The processing company will also afford a business a greater financial variety to fit their individual needs.
However, there are instances where bypassing a processing company and obtaining your merchant account can be the best option for your business. This is usually the case when you run a small to medium-sized business.
A small business can often obtain its merchant account and keep the costs down. However, this route can rule out some of the benefits afforded by a processing company.
The biggest difference a business will see between the two is the time needed to run the finances. With just a merchant account, the provider will work directly with the business.
In contrast, the processing company will do all the work behind the scenes, leaving the business free to focus on growing its brand. However, they will be paying for the service.
Each type of business is categorized by the bank writing the merchant account. The loosest categories are low risk and high risk and the category will determine what is offered.
The difference in the two risk categories is mainly in the fees and percentages that will be paid.
Many businesses fall under the low risk umbrella simply because they aren’t big enough to make the jump.
When a bank makes the determination, they look at some simple factors: sales volume (under $20,000/month); items being sold; is the company in a low risk market (Canada, USA, Japan, Western Europe); low level of returns or chargebacks.
A high risk business would fall in the opposite categories: high sales volume; items sold (cbd, software, digital media); high fraud markets; high levels of returns or charge-backs.
Knowing where your business falls on these scales can help determine the best course of action when applying for a merchant account or turning to a specialized processing company.
Credit cards are a given at this point, but you need to look beyond to understand the depth of payment types and how they affect what you pay out each month.
Apple Pay, Google Pay, Paypal - There are more and more forms of digital payment that are clamoring to be accepted in the marketplace.
Do you want to only take in-person sales or does your business require an online presence that can accept digital payment? Even traditional in-person businesses like restaurants can take advantage of an online presence through gift card purchases.
Beyond this, you want to understand that different cards can lead to different fees and percentages based on the credit card company.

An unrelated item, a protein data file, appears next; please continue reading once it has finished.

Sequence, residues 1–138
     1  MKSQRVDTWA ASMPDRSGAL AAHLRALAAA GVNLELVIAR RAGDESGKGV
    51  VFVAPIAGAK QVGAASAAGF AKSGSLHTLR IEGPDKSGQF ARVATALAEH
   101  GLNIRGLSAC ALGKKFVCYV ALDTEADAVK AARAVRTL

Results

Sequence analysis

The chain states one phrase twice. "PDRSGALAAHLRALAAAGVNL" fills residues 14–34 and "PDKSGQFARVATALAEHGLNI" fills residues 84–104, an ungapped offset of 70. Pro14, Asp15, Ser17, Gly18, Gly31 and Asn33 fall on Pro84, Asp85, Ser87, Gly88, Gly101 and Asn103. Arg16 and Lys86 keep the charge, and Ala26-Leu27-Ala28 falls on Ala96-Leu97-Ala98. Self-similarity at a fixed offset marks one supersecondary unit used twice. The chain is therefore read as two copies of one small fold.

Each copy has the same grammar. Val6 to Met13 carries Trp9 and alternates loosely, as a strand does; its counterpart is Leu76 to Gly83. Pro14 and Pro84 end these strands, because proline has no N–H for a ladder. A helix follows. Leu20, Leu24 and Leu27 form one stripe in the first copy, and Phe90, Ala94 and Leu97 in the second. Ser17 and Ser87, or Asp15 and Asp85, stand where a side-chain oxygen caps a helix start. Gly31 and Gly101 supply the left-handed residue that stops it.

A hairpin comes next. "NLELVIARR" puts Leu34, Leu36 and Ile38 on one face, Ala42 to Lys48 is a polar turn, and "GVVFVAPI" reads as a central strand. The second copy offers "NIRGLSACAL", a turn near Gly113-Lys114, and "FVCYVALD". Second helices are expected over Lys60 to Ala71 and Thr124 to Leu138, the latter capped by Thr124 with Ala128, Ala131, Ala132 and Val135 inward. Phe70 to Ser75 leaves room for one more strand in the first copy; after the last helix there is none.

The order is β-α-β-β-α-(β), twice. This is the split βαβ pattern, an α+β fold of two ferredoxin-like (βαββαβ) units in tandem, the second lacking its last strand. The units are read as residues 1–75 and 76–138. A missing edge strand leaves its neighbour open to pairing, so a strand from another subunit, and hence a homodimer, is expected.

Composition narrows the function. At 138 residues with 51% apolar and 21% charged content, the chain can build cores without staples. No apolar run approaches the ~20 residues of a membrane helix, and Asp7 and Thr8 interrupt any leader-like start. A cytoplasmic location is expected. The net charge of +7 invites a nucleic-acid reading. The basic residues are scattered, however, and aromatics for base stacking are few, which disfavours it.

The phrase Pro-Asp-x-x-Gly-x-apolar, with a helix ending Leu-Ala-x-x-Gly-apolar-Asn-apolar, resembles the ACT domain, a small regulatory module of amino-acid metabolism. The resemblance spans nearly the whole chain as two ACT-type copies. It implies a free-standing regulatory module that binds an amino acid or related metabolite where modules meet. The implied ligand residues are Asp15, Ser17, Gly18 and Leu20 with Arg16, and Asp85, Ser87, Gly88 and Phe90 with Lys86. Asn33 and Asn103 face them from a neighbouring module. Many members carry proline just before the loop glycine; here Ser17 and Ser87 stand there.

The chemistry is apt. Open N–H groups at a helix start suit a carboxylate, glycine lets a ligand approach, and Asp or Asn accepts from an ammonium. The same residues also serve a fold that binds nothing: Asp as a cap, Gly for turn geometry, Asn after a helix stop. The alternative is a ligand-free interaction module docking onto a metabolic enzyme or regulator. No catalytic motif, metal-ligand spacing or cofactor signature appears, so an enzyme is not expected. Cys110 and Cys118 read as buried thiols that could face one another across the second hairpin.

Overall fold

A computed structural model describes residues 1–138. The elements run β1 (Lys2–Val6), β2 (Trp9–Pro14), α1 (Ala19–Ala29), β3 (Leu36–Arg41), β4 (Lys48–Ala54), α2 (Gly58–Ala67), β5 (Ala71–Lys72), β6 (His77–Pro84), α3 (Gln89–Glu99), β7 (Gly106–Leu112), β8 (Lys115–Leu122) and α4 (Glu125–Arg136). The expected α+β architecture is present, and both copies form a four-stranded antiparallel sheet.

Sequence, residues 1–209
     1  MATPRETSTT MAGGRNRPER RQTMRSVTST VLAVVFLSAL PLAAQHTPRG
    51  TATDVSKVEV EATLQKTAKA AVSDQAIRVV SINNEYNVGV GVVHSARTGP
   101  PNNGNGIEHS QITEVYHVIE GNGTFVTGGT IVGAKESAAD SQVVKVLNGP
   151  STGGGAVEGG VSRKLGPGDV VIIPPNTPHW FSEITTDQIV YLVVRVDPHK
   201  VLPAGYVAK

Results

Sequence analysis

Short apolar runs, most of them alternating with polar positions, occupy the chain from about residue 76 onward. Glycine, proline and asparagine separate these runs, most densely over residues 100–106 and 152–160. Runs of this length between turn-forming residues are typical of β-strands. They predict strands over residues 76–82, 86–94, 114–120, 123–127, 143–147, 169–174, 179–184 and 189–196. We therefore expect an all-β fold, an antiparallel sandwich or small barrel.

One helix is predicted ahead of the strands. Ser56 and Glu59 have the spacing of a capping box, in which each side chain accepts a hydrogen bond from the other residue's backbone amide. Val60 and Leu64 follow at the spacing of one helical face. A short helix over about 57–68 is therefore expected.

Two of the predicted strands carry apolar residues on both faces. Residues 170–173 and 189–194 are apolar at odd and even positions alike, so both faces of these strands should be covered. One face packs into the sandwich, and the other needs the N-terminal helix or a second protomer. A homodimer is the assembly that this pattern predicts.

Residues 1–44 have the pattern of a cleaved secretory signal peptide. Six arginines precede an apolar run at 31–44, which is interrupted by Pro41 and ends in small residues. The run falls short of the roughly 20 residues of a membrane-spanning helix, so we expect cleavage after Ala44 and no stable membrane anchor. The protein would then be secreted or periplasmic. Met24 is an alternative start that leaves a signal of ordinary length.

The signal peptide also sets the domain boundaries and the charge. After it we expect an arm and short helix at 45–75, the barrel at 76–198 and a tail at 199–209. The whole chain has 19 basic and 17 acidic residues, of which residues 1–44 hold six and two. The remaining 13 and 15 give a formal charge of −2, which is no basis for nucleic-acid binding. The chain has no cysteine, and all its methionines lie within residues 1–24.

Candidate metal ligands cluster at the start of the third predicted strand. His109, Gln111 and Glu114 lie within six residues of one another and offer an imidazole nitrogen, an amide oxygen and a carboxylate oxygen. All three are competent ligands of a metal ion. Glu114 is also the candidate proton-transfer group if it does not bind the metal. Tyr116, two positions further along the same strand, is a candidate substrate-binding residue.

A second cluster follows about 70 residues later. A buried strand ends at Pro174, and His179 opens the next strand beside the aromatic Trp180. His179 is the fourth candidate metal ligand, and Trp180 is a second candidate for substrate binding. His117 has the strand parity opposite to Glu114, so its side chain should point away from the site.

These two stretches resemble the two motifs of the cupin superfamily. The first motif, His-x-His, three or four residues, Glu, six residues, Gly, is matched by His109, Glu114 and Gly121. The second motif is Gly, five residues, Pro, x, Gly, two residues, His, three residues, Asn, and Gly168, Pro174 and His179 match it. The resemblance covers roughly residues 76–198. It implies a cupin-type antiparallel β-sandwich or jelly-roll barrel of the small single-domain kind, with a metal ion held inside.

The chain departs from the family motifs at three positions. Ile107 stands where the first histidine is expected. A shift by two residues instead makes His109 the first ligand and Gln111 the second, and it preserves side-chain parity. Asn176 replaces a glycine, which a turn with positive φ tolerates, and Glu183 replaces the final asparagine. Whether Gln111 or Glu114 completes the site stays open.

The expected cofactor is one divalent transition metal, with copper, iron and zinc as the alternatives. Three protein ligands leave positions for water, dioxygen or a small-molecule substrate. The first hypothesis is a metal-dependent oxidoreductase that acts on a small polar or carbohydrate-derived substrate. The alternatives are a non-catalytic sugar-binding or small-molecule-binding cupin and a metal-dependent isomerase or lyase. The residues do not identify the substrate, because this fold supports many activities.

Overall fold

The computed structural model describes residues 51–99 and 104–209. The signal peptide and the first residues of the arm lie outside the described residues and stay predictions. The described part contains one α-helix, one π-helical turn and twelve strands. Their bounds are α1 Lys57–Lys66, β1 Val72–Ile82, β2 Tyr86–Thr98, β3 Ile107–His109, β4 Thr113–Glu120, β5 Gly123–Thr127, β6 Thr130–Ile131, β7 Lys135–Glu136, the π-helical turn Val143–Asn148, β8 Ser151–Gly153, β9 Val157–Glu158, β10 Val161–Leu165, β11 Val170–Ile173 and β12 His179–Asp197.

This leads directly into what your business will be paying to offer the customer payment choices.
Understanding the balancing act of what to offer can take time to figure out and adjust.
It is also good to understand the bank that holds your merchant account wants to make money as well. They will offer the fees that cover the potential for loss to ensure profit.
When applying for your merchant account, always pay attention to the fees and how they will affect your bottom line. Determine which fees are one-time and which will be recurring so you can effectively craft your business budget.
Nothing comes for free, but understanding the upside to these fees helps make an informed decision. You might end up paying a little more, but offering different payment types could increase your overall revenue stream.
Each business is different. Even when they are similar there will always be subtle differences that set a business apart from its direct competitors.
Understanding your specific niche in the market can ultimately determine how to proceed.
Knowing your business and your marketplace will provide you with the insight for exactly what you need in a merchant account. Also, understanding how your Canadian merchant account interfaces with your POS can help you on both ends.
Perhaps you operate on a digital platform. Are there different fees for online payments? Could your payments be lowered in this format?
These are all questions that need to be answered when you apply for your merchant account. Don’t be afraid to ask.
The simple answer to this question is information. Canadian merchant account providers have multiple levels of what they offer. They can cater specifically to your business needs.
Also, look into the potential for a processing company. Would the streamlined benefits leave you more time to grow your business?
Perhaps going straight to the source and eliminating the middleman is the best course of action. Only you can determine that after careful research and examining how your specific business needs can be met.
The best merchant account will be the one that finds that perfect balance of cost and return. It will also hinge on how it impacts your business in the balance between time spent and income.
Maybe you are a new business looking to get established or perhaps you run a successful Canadian business and want to expand your payment options. Perhaps you have a brick-and-mortar store in Canada and want to create an online presence.
Whatever your situation, knowing there are options can relieve some of the stress. While every business is different, there are established criteria to help you make the best decisions.
The best course of action is to evaluate each possibility. Talk to several companies to carefully examine all the different options at your disposal.
Whether you ultimately decide to apply for a merchant account, talk to a processing company, use an alternative payment provider, or stay put with your existing payment options, only you can determine the best course for your business.
Making an informed choice can be the difference between breaking even and turning a profit.
If you determine a Canadian merchant account provider is your best option here are a few: